China has been struggling lately to keep up with the rapid changes and ever-increasing amount of novelties in the digital land in the form of the legal challenges these ‘premieres’ present.
To the shock of many but to the anticipation of some, the popular Twitter has met in this country a similar unfortunate fate as YouTube. Michael Anti, a Chinese blogger and former New York Times researcher, had seen this coming: “Twitter is a new thing in China. The censors need time to figure out what it is. So enjoy the last happy days of twittering before the fate of Youtube descends on it one day.”
According to Alice Xin Liu (in a Danwei post), Chinese net sensors have blocked Twitter. Michael Anti underlined some differences with respect to the Chinese Twitterland vs. the English one – the former being funnier than the latter because “a Chinese tweet can have three times the volume of an English tweet, thanks to the high information intensity of the Chinese language.” He further noted that “140 Chinese characters can make up all the full elements of a news piece with the ‘5 Ws’ (Who, What, Where, When and How). But the joy of the Chinese Twitterland is more fragile, and I hope that it will live longer in this country.”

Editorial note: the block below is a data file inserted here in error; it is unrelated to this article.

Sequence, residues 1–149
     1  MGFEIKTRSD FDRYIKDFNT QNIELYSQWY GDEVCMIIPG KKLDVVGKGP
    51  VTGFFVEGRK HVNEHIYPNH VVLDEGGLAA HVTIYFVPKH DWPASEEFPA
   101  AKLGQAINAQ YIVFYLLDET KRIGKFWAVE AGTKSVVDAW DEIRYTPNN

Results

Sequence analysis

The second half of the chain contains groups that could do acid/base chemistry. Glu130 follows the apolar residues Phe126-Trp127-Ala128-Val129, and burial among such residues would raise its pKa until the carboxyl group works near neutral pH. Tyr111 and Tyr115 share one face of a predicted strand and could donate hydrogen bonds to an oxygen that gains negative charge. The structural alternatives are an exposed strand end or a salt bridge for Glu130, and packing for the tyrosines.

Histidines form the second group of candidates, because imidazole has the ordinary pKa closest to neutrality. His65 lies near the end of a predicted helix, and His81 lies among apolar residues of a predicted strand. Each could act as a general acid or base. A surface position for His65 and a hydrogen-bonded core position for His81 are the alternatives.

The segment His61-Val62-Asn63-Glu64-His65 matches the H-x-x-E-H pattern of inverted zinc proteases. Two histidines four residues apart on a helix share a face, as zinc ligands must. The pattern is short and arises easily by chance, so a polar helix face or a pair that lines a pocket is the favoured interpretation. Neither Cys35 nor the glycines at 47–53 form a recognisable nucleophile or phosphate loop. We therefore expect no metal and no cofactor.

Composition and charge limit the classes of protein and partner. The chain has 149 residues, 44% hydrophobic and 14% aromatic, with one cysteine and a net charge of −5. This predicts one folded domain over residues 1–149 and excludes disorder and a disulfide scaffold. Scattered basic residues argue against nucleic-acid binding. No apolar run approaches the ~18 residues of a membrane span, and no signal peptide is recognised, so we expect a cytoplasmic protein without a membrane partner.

Well, his fears have materialized with the new censorship that swallowed Twitter as well.
The list of services Chinese authorities have outlawed goes further including: Flickr, Bing, the new Microsoft search engine, “probably for autoplaying Youtube videos when you put your mouse over them,” Live and Hotmail.
There’s a China Digital Times post listing the websites whose access has been blocked by Baidu.